If My People (Article)

IF MY PEOPLE by Pastor Shah (Clearview Church, Henderson)

(This article was published in the local newspaper The Daily Dispatch on 4/24/19) 

“if My people who are called by My name will humble themselves, and pray and seek My face, and turn from their wicked ways, then I will hear from heaven, and will forgive their sin and heal their land.” (2 Chronicles 7:14)

Americans are a people of prayer. We have always known that behind our birth and our success as a nation is the hand of the Almighty God. Praying to God in trouble and thanking him for his many blessings in our lives is a fundamental part of our culture and identity as Americans. In many ways, prayer even stands above our more popular values of individual freedom, equality, self-reliance, etc. If you think about it, it’s a corollary of our national motto – “In God We Trust.” Each time we see those words on our coins and bills, we’re thanking God for his daily provisions in our lives. So also, when we declare our pledge to the flag and affirm the words “One nation under God,” we are acknowledging our trust in God’s protection on our nation.

A major testimony that prayer is a preeminent American value is our annual National Day of Prayer. This special day was established by an act of Congress in 1952 and signed as a joint resolution into law by President Truman. Later, in 1988, President Reagan signed the bill into law that the first Thursday of each May would be observed as the National Day of Prayer. This was by no means the origin of the nationwide prayer in our nation. On March 16, 1776, the Continental Congress unanimously issued the following proclamation for a day of humiliation, fasting, and prayer:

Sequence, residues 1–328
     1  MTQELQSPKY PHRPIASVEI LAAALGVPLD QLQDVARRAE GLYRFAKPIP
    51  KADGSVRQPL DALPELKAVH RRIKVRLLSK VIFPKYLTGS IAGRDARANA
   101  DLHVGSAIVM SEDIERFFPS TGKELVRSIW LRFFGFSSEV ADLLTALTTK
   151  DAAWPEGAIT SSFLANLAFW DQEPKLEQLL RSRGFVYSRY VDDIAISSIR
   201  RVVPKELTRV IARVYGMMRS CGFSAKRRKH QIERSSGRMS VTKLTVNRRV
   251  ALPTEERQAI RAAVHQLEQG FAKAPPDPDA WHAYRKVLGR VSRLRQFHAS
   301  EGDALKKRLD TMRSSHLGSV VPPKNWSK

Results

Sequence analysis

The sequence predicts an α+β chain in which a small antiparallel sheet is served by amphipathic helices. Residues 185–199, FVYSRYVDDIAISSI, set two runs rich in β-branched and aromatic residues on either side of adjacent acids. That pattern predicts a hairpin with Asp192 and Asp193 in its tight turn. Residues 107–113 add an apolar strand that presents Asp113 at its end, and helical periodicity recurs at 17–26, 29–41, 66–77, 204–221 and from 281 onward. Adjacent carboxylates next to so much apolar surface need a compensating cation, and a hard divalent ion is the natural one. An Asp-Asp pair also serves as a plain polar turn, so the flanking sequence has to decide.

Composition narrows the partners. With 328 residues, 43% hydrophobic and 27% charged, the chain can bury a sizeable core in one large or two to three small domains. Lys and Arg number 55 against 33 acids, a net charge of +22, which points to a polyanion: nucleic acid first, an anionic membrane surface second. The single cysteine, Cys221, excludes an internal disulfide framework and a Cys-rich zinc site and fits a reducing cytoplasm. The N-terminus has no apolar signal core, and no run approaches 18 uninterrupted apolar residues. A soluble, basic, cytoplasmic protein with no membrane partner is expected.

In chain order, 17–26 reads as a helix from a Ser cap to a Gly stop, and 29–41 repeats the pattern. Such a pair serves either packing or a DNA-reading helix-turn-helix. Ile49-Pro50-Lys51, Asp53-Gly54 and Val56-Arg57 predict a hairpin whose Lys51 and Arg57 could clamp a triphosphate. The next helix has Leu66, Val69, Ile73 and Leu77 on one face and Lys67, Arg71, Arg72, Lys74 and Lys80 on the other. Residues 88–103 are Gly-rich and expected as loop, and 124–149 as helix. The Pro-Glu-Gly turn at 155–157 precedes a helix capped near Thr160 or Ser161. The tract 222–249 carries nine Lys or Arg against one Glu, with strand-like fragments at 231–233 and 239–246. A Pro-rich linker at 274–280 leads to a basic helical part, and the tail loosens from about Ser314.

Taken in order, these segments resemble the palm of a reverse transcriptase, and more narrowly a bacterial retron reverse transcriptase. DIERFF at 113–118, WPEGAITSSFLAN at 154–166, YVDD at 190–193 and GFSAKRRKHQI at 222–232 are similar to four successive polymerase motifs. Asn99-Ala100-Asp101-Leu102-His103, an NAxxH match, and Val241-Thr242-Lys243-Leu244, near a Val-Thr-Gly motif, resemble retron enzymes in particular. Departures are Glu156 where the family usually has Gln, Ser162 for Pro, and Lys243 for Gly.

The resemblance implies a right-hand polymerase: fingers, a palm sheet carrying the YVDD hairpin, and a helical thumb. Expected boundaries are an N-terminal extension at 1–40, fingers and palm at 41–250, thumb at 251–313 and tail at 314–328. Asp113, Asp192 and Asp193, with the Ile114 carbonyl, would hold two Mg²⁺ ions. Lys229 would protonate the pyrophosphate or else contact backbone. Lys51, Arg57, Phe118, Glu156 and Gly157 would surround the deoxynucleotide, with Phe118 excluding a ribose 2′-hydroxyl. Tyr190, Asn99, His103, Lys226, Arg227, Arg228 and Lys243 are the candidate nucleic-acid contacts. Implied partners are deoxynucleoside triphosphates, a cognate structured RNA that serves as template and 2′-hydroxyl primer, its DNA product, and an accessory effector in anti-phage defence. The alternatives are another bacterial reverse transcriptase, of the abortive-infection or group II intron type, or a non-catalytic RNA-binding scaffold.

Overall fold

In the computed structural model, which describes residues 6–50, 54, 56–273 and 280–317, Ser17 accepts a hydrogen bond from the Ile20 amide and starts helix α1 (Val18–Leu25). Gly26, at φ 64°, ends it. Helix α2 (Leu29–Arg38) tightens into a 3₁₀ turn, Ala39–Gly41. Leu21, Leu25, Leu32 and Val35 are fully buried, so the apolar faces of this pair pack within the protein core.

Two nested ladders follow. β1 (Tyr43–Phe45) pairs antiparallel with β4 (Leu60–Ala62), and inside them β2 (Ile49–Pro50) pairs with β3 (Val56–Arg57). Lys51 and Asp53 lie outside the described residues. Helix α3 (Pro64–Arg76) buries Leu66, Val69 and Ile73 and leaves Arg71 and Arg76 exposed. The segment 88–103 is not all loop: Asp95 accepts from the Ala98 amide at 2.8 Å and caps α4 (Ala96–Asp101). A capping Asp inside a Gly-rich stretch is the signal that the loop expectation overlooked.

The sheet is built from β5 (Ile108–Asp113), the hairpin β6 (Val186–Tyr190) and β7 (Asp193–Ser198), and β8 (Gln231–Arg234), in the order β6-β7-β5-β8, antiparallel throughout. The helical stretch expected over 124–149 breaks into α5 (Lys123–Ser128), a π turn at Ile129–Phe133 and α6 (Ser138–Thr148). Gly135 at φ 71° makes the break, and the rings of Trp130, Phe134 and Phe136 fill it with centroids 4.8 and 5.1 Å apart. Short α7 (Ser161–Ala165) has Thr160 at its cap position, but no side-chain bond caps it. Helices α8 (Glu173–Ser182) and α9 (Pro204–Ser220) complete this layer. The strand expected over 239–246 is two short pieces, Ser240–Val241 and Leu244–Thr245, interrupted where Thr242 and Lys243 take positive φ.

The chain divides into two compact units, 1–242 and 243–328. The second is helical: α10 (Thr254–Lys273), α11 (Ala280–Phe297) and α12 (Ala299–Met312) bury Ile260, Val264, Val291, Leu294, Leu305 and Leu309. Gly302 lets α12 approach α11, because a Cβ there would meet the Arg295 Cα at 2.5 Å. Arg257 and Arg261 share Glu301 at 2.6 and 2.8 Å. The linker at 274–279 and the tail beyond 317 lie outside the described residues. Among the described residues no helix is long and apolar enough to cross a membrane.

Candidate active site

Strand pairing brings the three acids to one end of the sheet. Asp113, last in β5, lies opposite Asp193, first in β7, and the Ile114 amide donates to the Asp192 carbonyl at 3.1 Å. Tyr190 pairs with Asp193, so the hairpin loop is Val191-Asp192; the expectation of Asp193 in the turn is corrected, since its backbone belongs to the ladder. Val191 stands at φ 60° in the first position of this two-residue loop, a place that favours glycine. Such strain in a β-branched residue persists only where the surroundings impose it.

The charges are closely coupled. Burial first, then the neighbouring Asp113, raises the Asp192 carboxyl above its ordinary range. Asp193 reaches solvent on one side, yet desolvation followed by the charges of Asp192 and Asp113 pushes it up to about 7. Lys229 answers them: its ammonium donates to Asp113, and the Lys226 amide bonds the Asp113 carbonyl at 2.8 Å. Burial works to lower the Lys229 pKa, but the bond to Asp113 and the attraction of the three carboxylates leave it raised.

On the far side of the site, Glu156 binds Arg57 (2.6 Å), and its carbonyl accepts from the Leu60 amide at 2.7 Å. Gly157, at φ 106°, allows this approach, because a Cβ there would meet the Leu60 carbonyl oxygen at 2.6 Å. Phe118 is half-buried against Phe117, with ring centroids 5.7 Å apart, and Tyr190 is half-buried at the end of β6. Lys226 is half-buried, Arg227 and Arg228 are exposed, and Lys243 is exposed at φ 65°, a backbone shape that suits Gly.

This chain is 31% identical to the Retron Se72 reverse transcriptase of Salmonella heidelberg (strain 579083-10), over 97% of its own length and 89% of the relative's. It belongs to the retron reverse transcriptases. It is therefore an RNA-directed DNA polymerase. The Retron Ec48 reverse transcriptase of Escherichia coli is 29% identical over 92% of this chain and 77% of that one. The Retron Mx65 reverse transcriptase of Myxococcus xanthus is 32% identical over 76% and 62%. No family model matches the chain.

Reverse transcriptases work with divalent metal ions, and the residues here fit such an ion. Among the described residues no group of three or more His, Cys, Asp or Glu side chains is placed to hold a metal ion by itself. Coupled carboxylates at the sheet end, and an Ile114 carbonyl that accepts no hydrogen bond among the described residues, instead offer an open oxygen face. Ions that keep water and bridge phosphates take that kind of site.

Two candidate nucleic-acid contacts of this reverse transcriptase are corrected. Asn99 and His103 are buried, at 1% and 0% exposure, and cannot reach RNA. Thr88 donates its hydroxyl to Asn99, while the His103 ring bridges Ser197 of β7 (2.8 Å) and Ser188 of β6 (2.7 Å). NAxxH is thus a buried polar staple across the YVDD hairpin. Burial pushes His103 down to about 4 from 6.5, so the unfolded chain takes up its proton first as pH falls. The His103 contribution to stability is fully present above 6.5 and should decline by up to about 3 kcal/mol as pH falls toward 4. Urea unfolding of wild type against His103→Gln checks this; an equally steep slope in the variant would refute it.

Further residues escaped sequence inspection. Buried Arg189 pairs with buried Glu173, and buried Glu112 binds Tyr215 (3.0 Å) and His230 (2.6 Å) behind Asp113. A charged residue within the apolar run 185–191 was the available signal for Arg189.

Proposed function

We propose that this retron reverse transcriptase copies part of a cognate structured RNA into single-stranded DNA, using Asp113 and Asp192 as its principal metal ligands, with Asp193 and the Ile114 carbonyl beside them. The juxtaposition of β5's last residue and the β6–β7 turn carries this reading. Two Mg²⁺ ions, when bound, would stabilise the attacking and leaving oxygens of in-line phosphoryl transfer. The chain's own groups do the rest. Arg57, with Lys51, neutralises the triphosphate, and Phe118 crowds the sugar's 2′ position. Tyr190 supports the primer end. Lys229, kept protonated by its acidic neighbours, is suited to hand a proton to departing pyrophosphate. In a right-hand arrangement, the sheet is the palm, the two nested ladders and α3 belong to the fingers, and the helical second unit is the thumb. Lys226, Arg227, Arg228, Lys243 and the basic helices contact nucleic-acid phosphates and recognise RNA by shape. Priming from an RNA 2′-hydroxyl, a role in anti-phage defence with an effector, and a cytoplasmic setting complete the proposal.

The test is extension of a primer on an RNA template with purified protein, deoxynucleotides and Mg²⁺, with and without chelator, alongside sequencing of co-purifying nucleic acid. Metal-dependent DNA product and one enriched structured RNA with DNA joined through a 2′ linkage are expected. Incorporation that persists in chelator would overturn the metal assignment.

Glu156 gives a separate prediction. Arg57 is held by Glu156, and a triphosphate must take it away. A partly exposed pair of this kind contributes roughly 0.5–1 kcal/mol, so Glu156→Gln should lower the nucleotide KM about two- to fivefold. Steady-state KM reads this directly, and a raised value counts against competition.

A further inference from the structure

“In times of impending calamity and distress; when the liberties of America are imminently endangered by the secret machinations and open assaults of an insidious and vindictive administration, it becomes the indispensable duty of these hitherto free and happy colonies, with true penitence of heart, and the most reverent devotion, publicly to acknowledge the over ruling providence of God; to confess and deplore our offences against him; and to supplicate his interposition for averting the threatened danger, and prospering our strenuous efforts in the cause of freedom, virtue, and posterity…that we may, with united hearts, confess and bewail our manifold sins and transgressions, and, by a sincere repentance and amendment of life, appease his righteous displeasure, and, through the merits and mediation of Jesus Christ, obtain his pardon and forgiveness…”

In his gripping book “1776,” author David McCullough chronicles the struggles faced by General George Washington who had never before led an army in battle. Moreover, the Continental army was a ragtag band of men with little training and lack of discipline. On the other side stood the well-trained and highly disciplined redcoats with contempt for the rebels. Washington wrote to Joseph Reed, his military secretary, “If I shall be able to rise superior to these, and many other difficulties which might be enumerated, I shall most religiously believe that the finger of [God’s] Providence is in it…” The hour was indeed dark but by prayer and perseverance Washington launched the “brilliant stroke” that changed history. This is just one of many examples of the place of prayer in our nation’s history.


The promise made by God to Solomon in 2 Chronicles 7:14 is also ours to claim as a nation. If we as Americans desire forgiveness and healing in our land, then we need to call upon God. It’s our true source of blessing and protection as a people.

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